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Topic: SOFIA Science Center

NASA’s SOFIA airborne observatory discovers First Type of Molecule that ever formed in the Universe

 

Written by Kassandra Bell and Alison Hawkes
NASA Headquarters

NASA - National Aeronautics and Space AdministrationWashington, D.C. – NASA says the first type of molecule that ever formed in the universe has been detected in space for the first time, after decades of searching. Scientists discovered its signature in our own galaxy using the world’s largest airborne observatory, NASA’s Stratospheric Observatory for Infrared Astronomy, or SOFIA, as the aircraft flew high above the Earth’s surface and pointed its sensitive instruments out into the cosmos.

When the universe was still very young, only a few kinds of atoms existed. Scientists believe that around 100,000 years after the big bang, helium and hydrogen combined to make a molecule called helium hydride for the first time.

Illustration of planetary nebula NGC 7027 and helium hydride molecules. In this planetary nebula, SOFIA detected helium hydride, a combination of helium (red) and hydrogen (blue), which was the first type of molecule to ever form in the early universe. This is the first time helium hydride has been found in the modern universe. (NASA/SOFIA/L. Proudfit/D.Rutter)

Illustration of planetary nebula NGC 7027 and helium hydride molecules. In this planetary nebula, SOFIA detected helium hydride, a combination of helium (red) and hydrogen (blue), which was the first type of molecule to ever form in the early universe. This is the first time helium hydride has been found in the modern universe. (NASA/SOFIA/L. Proudfit/D.Rutter)

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NASA’s SOFIA to Study Kuper Belt Object for Next New Horizons Flyby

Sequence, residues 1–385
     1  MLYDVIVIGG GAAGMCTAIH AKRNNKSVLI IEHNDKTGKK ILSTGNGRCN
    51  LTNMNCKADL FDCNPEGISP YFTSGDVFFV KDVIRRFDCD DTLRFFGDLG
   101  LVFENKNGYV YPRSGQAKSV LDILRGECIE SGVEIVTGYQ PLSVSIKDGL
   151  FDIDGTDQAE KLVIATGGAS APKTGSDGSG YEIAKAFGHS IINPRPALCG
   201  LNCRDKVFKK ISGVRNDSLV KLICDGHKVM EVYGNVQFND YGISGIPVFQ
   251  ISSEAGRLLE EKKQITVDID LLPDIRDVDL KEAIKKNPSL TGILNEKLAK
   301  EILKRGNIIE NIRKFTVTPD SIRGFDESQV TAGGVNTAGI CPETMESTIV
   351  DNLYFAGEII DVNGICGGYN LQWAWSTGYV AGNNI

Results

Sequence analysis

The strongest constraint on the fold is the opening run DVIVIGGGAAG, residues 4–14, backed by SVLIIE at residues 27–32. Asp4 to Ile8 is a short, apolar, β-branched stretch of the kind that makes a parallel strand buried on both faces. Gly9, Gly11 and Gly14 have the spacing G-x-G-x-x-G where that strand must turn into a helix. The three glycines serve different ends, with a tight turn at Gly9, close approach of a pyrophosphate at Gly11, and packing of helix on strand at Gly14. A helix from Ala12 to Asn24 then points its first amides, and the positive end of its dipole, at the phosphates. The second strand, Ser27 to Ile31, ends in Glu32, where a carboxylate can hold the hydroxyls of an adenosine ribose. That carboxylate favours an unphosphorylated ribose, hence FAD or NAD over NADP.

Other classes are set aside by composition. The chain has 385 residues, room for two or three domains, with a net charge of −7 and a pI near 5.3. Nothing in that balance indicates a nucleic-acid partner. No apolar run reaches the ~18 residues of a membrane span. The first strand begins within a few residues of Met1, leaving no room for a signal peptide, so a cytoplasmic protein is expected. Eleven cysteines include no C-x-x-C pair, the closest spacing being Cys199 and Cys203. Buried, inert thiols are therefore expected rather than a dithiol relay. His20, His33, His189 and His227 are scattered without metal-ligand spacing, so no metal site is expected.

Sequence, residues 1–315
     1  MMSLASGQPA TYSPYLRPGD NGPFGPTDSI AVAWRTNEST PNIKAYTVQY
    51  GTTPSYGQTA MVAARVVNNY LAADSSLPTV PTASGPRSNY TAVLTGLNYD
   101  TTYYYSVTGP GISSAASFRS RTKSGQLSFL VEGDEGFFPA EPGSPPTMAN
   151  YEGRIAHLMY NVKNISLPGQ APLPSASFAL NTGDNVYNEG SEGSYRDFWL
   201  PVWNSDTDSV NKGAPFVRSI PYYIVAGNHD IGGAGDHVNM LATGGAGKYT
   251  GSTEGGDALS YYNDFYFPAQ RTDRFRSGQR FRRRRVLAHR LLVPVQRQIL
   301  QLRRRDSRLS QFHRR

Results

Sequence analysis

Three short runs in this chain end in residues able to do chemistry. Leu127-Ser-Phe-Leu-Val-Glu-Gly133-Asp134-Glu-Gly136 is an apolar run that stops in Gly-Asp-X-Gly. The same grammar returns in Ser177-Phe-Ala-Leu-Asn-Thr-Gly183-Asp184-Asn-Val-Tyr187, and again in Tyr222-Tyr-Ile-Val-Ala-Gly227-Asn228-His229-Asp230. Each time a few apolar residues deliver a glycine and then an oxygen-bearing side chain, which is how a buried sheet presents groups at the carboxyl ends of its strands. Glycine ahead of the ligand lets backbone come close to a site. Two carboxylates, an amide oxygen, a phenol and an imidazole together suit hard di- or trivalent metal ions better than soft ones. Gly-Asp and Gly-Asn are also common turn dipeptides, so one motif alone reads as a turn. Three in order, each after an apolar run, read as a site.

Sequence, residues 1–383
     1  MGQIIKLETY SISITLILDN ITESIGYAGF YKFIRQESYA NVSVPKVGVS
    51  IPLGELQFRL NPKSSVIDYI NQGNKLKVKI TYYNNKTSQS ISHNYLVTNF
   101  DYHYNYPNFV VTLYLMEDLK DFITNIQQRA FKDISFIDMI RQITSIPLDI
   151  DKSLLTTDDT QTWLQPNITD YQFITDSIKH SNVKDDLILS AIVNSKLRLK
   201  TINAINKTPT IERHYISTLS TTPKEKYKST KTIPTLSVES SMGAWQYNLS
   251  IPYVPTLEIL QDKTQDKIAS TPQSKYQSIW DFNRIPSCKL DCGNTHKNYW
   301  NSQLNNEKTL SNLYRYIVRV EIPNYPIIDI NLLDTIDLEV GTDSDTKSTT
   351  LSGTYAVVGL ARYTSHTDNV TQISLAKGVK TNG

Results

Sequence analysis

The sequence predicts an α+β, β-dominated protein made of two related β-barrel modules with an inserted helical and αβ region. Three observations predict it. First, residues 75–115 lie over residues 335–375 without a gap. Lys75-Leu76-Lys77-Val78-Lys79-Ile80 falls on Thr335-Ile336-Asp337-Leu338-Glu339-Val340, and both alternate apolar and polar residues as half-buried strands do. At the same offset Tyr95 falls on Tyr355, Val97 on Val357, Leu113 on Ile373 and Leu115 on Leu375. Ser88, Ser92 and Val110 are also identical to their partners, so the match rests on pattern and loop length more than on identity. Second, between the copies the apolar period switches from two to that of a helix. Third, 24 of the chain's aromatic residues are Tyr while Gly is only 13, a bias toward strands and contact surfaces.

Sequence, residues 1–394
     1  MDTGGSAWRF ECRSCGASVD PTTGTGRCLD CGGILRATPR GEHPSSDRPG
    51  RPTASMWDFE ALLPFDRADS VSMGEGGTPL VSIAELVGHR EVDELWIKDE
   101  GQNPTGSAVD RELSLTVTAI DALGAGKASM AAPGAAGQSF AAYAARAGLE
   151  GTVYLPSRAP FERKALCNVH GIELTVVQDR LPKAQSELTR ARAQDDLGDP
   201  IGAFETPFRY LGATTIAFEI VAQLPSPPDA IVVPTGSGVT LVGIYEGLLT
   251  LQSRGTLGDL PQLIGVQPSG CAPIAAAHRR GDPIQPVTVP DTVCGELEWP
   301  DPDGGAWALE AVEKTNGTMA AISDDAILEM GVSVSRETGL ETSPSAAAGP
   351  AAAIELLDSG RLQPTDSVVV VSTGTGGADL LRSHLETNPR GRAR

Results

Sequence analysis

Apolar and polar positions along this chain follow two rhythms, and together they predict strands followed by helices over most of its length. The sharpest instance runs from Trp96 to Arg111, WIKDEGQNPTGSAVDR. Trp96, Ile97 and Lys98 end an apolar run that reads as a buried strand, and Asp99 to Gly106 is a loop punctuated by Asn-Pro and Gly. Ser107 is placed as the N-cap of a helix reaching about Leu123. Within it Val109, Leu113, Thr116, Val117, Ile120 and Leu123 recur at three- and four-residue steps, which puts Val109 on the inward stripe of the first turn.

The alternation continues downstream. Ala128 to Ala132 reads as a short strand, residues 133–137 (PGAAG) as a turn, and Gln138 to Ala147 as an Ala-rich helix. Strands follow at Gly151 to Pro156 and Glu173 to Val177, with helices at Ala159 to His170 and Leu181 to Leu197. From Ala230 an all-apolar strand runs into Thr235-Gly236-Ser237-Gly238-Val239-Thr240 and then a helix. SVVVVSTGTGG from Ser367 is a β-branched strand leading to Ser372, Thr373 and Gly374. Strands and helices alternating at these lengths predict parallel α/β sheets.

NASA Ames Research Center

SOFIA Science Center

NASA - National Aeronautics and Space AdministrationMoffett Field, CA – On July 10th, researchers using NASA’s Stratospheric Observatory for Infrared Astronomy, or SOFIA, will attempt to study the environment around a distant Kuiper Belt Object, 2014 MU69, which is the next flyby target for NASA’s New Horizons spacecraft.

When New Horizons flies by it, MU69 will be the most distant object ever explored by a spacecraft, over a billion miles farther from our sun than Pluto. This ancient Kuiper Belt object is not well understood because it is faint, small (likely 12-25-mile (20-40-kilometer across, or possibly even smaller according to recent ground-based observations), and very far away (approximately 4.1 billion miles from Earth).

NASA's Stratospheric Observatory for Infrared Astronomy (SOFIA) takes off from Palmdale, California at sunset. SOFIA is a partnership of NASA and the German Aerospace Center (DLR); NASA and DLR have collaborated on a range of activities and signed agreements on June 16 to work together to reduce aircraft noise and advance research into rotorcraft. (NASA / Greg Perryman)

NASA’s Stratospheric Observatory for Infrared Astronomy (SOFIA) takes off from Palmdale, California at sunset. SOFIA is a partnership of NASA and the German Aerospace Center (DLR); NASA and DLR have collaborated on a range of activities and signed agreements on June 16 to work together to reduce aircraft noise and advance research into rotorcraft. (NASA / Greg Perryman)